Single-family home prices were unchanged in March from February, but fell in the first quarter on renewed price pressure as federal aid faded away, Standard & Poor's/Case Shiller home price indexes showed on Tuesday.
Prices have rebounded from lows hit during the crisis, yet the end of tax incentives for homebuyers combined with mounting foreclosures suggests more weakness, S&P said.
The S&P composite index of 20 metropolitan areas was unchanged in March from February on a seasonally adjusted basis, better than the 0.3 percent decline forecast in a Reuters survey.
On an unadjusted basis, prices fell 0.5 percent in March after a 0.9 percent February drop, worse than the estimated 0.4 percent decline.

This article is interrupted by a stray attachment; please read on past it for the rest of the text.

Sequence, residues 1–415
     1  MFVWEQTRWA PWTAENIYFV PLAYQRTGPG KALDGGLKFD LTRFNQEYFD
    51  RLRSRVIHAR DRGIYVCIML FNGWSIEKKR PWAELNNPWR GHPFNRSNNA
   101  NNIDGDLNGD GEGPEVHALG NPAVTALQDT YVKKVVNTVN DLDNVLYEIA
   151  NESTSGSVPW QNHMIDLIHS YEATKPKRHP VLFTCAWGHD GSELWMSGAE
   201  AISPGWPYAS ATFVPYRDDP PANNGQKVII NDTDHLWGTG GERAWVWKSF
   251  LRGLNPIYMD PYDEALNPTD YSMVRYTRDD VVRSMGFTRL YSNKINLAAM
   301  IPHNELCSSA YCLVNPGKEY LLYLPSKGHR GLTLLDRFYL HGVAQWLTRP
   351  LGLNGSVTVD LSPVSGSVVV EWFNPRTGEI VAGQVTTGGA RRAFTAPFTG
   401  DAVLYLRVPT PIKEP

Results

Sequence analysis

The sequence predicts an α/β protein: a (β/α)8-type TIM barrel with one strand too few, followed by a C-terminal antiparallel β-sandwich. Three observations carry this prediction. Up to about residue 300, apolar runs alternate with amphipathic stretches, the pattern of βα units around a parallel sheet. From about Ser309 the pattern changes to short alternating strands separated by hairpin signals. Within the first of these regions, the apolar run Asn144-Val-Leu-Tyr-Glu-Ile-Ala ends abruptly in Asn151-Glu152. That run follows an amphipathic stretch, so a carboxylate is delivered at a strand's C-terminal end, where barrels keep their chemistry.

For the first three months of the year, the national home price index fell 3.2 percent, unadjusted, compared with a 1 percent drop in the fourth quarter. The index was up 2 percent, however, from the same quarter a year ago.
The 20-city index posted a 2.3 percent annual increase in March, near the 2.4 percent forecast.
Despite improvement on a year-over-year basis, David M. Blitzer, Chairman of the Index Committee at S&P, said the March monthly report was not encouraging.
It is especially disappointing that the improvement we saw in sales and starts in March did not find its way to home prices, he said in a statement. Now that the tax incentive ended on April 30, we don't expect to see a boost in relative demand.
Buyers had to sign contracts by April 30 to get federal tax credits of up to $8,000.
(Editing by Chizu Nomiyama)